So something I can half agree with Polly Toynbee over. Students are low down in the pecking order of people who will suffer from cuts. But just as I was thinking she's not that bad after all, we get this:
Start with the wickedest cut, the abolition of the education maintenance allowance (EMA) – the £30 a week that helps young people stay in school or college, replaced by a tiny tin of hardship money for unhappy college principals to disburse in extremis.
Yep, that's right. 'Wickedest'. Cutting the discretionary spending of 16-18 year olds is 'wicked'. Why on earth should anyone take anything Toynbee says seriously when she engages in this kind of hyperbole? The word 'wicked' needs to be reserved for really evil things, not for policy decisions which at the very very worst will mean a kid having to cycle to college instead of getting the bus.
Things like this also make me wonder if Polly Toynbee knows anyone who gets EMA or anyone who works in the state sector - I mean on the front line of the state sector, of course, not in the panoply of jobs in town halls and quangos. Most of the teachers I know agree with me and think that EMA is ripe for cutting, are we all wicked? Let's consider some of the other things Toynbee says:
The withdrawal of the EMA for poor sixth-formers that will hit unsuspecting families hard when they find it suddenly gone. Forget Gordon Brown's 10p tax disgrace which only cost people £230 a year: snatching away £30 a week from the very poorest families with studying teenagers will be a £1,560 shocker.Unbelievable. Firstly, these very poorest families didn't get that £30 a week for the first sixteen years of the kids' life. That's because the point of EMA was never to help families out of poverty - Labour themselves NEVER claimed that. Tax credits, child benefit, other benefits etc., did that. The point of EMA was basically to persuade kids to stay on at school. It was an educational policy, not a welfare one. The idea was to try and reduce the attractiveness of leaving school at 16 and getting a part-time job. It quite clearly was NOT about lifting families out of poverty - it would be an odd policy that aimed to help families out of poverty by waiting for their kids to be 16 before you helped them. Thus, because it was an educational policy, if a kid didn't attend school, schools were entitled to withhold their EMA money regardless of whether the kid desperately needed the money or not; likewise, a 16 year old in desperate poverty but not in education couldn't claim the money. The clue is in the name: EDUCATION maintenance allowance. Thirdly, pupils became eligible for EMA money as they entered sixth form or college - that is, at precisely the same time as most of them would have a reduced timetable and more time to get a part-time job. I understand that there aren't that many jobs out there at the moment, but the time sixth formers gain at least makes this a possibility. I also understand that this can impinge on your time for studying, but that seems to me to be an individual lifestyle choice. Lest I be accused of being a heartless bastard, let me restate that I was eligible for the first EMA pilot, that I didn't take it up and I didn't have a part time job - and my family and I didn't suffer some great hardship as a result.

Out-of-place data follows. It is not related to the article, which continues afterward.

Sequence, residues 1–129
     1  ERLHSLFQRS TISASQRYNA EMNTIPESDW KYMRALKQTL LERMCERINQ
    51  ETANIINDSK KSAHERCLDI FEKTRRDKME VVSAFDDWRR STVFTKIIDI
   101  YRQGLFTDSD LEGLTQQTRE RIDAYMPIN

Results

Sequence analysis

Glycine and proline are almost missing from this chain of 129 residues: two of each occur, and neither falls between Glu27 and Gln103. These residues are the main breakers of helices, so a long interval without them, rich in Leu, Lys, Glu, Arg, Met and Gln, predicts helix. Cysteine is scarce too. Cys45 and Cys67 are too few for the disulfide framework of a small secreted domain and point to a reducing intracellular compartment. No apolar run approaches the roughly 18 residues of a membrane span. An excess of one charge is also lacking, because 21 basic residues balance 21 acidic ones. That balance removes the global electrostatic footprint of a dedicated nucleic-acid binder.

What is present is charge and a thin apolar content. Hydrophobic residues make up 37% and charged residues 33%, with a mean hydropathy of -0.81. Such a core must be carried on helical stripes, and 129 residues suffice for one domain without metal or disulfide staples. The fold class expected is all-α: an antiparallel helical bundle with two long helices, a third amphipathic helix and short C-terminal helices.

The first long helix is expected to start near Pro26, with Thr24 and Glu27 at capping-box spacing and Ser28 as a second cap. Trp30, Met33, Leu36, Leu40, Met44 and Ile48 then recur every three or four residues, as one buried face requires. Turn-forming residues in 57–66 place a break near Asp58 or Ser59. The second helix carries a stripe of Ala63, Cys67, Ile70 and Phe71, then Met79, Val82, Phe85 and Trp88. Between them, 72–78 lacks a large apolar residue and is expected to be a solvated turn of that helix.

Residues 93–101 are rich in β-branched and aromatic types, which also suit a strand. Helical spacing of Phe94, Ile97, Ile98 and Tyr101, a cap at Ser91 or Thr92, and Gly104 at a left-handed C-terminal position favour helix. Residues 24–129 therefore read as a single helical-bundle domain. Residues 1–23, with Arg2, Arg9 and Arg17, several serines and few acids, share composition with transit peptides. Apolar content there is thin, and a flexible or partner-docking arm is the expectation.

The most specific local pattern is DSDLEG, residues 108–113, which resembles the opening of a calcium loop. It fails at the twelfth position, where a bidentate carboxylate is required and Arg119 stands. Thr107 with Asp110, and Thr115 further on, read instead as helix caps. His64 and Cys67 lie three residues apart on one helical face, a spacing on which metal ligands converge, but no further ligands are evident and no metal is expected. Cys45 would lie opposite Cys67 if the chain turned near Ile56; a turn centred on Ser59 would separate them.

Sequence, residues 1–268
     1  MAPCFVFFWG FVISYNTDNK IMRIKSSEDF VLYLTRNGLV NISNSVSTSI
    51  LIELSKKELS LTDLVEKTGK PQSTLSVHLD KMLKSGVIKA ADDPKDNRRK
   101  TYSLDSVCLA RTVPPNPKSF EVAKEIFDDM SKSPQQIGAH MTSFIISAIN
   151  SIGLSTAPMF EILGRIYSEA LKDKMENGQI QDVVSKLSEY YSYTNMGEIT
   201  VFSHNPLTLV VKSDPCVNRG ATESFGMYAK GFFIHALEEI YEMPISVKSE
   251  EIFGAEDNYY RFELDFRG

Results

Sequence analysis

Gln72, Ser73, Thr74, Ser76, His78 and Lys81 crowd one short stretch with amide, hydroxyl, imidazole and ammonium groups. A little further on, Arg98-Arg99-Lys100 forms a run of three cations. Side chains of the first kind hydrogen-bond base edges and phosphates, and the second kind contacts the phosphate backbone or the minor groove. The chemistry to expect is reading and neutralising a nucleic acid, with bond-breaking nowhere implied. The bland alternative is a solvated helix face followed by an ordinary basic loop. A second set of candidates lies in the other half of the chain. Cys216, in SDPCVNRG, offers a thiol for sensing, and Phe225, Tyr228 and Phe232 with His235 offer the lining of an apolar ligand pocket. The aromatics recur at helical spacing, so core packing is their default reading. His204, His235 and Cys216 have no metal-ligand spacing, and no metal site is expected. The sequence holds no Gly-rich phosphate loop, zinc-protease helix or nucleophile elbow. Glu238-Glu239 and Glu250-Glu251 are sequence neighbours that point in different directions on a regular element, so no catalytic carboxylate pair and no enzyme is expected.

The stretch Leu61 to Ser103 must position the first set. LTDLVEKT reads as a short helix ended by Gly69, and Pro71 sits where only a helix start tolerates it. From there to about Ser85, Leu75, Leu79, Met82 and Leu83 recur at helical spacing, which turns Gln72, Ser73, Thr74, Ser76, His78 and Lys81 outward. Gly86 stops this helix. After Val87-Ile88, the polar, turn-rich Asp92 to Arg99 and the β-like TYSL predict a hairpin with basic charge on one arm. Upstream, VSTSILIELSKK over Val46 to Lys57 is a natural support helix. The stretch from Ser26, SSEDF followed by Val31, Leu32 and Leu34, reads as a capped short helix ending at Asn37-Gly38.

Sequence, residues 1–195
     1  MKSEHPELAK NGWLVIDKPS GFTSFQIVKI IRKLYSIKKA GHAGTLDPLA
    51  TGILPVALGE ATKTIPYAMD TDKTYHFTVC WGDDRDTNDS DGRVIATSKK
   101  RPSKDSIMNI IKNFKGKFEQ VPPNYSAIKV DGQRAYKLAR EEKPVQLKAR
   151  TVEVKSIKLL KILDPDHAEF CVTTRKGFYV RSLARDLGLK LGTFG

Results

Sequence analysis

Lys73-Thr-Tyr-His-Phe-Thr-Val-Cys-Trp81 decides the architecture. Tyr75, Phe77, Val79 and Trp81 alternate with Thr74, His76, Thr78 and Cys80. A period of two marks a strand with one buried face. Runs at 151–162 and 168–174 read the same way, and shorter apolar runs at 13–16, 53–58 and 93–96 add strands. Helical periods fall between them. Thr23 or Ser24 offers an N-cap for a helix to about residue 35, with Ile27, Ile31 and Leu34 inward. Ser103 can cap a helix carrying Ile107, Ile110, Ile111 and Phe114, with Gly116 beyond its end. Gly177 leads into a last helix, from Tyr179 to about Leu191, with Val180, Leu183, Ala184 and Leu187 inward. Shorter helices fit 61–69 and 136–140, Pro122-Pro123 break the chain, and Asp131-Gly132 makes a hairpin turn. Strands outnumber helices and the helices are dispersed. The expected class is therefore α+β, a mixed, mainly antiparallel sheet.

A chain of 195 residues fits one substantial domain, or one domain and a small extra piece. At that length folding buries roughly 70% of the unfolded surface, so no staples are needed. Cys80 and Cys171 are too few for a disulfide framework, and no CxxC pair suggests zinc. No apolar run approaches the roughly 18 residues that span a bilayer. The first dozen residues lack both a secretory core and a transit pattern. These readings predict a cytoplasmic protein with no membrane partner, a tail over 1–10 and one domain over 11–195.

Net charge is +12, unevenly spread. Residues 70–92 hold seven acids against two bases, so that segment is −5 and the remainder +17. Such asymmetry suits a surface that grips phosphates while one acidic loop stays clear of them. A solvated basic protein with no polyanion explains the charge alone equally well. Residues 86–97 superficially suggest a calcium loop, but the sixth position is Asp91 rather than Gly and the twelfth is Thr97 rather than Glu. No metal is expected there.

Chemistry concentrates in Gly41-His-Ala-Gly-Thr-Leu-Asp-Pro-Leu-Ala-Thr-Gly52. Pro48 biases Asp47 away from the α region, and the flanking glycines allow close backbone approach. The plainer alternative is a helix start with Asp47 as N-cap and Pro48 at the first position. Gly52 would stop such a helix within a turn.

Finally, of course, there is the fact that EMA didn't exist before 2004. I find it hard to believe how such a recent policy has managed to inspire such crazed defences of it, as though it forms a central part of our nation's heritage. I mean, I thought the child benefit changes were fine, but even so the sentimental appeals to the foundation of the welfare state and its universality did make me a little misty-eyed. Very few people alive today have had to bring up a family without child benefit, so at least when its rabid defenders claimed that removing it would take us back to the Depression era they had a skewed kind of historical fact on their side. But EMA has been around for barely half a decade. We can all remember a world without it, and we all know that that world was not a wicked, illiberal one where poor kids scrubbed floors instead of doing A-levels. I think the reason why EMA inspires such defences is of course that it was a New Labour policy, so their cheerleaders feel obliged to come out and defend the legacy. And I think that what this shows is the absolute paucity of that legacy.